The Centre for Criminology and Sociolegal Studies in the Faculty of Arts and Science at the University of Toronto invites applications for a tenure stream appointment in the area of Criminology or Sociolegal Studies. The appointment will be at the rank of Assistant Professor and will commence on July 1, 2016. Research and teaching expertise in the area of criminal justice, either in a domestic or international context is preferred.
The Centre for Criminology and Sociolegal Studies is internationally renowned for the study of law, crime, order, and security from a variety of disciplinary perspectives and theoretical approaches. With backgrounds in sociology, history, law, anthropology, psychology, philosophy, and political science, faculty are actively engaged in Canadian and international criminological research and teaching. We welcome applications from scholars from those and other relevant backgrounds.
The successful candidate will teach in both the undergraduate and graduate programs and they will be expected to develop an independently funded program of research. Candidates must be able to teach a selection of courses in criminology, and law and society, and must have strong communication skills as well as demonstrated success in developing students’ mastery of a subject and of the latest developments in the field.
Applicants must have earned a PhD in criminology, law, or a cognate social science discipline by the date of appointment, or shortly thereafter, and must have a demonstrated record of excellence in teaching and research. Evidence of excellence in teaching will be demonstrated by letters of reference, teaching evaluations, dossier and/or syllabi submitted as part of the application. Candidates also must have strong evidence of research of an internationally competitive caliber, demonstrated by publications in leading journals in the relevant field, presentations at significant conferences, awards and accolades, and strong endorsements by referees.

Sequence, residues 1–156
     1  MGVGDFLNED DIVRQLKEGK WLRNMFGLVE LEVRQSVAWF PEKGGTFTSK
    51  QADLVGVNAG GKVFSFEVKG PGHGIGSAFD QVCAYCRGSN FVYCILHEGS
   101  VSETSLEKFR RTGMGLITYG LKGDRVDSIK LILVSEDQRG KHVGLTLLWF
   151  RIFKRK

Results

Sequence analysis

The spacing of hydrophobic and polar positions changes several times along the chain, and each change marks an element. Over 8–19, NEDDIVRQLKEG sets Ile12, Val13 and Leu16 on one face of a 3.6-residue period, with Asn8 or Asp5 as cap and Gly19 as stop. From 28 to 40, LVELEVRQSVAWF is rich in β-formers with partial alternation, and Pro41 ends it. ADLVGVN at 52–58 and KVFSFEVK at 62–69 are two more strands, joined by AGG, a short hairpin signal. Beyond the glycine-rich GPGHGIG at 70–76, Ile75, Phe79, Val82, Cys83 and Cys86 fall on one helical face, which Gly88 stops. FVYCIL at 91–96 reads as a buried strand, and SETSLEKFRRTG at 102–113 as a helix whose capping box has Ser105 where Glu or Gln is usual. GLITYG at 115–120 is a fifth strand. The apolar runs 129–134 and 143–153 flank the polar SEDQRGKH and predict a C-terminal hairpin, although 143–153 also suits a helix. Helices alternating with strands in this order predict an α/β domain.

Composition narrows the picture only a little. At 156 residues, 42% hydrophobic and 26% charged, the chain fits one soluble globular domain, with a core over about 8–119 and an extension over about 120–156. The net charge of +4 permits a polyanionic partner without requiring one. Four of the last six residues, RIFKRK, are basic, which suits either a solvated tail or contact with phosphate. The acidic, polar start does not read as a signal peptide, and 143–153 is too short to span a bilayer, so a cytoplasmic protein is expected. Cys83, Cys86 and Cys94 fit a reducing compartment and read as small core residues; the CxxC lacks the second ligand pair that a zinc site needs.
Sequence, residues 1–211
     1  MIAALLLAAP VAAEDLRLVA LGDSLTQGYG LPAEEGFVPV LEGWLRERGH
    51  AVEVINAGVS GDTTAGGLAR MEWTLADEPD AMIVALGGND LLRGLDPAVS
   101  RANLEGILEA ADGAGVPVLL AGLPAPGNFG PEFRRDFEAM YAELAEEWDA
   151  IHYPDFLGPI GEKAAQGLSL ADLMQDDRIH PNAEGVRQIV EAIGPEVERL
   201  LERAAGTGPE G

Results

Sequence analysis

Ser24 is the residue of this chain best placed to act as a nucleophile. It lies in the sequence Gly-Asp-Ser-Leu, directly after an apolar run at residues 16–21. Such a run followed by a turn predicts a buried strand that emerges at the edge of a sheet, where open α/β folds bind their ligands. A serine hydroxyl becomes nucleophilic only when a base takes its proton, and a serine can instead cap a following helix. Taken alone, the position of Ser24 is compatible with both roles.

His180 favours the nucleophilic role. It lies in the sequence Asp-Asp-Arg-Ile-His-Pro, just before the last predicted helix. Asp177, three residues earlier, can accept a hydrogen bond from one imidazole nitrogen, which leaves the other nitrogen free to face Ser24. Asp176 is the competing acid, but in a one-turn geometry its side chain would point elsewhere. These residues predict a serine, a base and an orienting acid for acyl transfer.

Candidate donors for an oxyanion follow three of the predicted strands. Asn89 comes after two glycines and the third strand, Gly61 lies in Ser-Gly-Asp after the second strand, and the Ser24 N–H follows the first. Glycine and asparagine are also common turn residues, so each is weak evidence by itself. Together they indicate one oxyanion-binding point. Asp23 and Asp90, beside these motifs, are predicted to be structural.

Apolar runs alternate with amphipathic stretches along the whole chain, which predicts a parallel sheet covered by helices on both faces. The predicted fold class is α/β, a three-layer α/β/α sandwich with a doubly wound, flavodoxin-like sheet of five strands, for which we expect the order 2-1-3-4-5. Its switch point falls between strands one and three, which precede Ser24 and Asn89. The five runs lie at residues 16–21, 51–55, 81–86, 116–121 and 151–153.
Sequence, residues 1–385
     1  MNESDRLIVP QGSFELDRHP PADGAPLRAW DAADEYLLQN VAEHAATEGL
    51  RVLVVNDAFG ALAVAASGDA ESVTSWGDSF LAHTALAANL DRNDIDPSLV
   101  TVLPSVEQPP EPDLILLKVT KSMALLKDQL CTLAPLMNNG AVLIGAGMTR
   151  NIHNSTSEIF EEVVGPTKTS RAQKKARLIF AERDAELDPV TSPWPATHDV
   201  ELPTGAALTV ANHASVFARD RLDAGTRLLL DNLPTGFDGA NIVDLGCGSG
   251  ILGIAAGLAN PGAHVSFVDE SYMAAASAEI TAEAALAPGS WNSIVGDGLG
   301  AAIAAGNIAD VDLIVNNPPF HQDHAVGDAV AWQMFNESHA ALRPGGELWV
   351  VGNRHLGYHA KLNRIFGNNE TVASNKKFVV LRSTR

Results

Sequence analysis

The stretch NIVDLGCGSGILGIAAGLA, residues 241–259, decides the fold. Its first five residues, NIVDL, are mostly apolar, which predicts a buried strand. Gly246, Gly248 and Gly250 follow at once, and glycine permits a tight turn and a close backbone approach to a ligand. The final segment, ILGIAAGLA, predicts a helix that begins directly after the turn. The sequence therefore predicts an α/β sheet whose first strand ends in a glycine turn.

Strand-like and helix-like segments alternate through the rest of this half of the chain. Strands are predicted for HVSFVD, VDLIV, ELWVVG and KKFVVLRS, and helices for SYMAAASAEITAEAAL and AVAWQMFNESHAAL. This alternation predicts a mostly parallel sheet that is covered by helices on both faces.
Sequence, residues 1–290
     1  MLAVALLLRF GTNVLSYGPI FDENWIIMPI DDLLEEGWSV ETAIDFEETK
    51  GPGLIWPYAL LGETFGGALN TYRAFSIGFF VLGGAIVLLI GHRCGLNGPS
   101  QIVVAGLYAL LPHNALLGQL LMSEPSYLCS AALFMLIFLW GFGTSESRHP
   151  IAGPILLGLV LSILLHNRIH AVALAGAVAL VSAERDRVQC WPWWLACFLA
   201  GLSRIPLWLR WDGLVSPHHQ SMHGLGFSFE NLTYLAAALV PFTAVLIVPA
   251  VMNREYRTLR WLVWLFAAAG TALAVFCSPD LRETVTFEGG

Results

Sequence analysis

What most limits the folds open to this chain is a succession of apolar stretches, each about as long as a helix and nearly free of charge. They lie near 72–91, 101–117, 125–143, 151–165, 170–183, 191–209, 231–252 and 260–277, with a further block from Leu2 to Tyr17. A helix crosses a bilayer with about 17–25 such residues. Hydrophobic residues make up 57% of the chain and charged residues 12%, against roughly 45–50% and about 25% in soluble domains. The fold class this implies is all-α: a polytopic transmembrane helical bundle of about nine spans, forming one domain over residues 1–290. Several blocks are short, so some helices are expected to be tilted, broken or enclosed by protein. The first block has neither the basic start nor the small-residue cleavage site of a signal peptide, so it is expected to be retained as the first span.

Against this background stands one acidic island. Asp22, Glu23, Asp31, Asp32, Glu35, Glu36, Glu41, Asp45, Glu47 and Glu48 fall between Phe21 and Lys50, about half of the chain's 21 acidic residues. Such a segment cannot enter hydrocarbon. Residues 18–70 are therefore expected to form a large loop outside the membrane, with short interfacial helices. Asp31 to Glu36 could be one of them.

Salary will be commensurate with qualifications and experience.
Applications should include a cover letter, curriculum vitae, as well as research and teaching statements. If you have any questions about this position, please contact All application materials should be submitted online.
Applicants should also ask three referees to send letters directly to the department via email to: crim.admin@utoronto.caby 15 September 2015.
Submission guidelines can be found at: We recommend combining documents into one or two files in PDF/MS Word format.
For further information on the Centre for Criminology and Sociolegal Studies, please visit our website
The University of Toronto is strongly committed to diversity within its community and especially welcomes applications from visible minority group members, women, Aboriginal persons, persons with disabilities, members of sexual minority groups, and others who may contribute to the further diversification of ideas.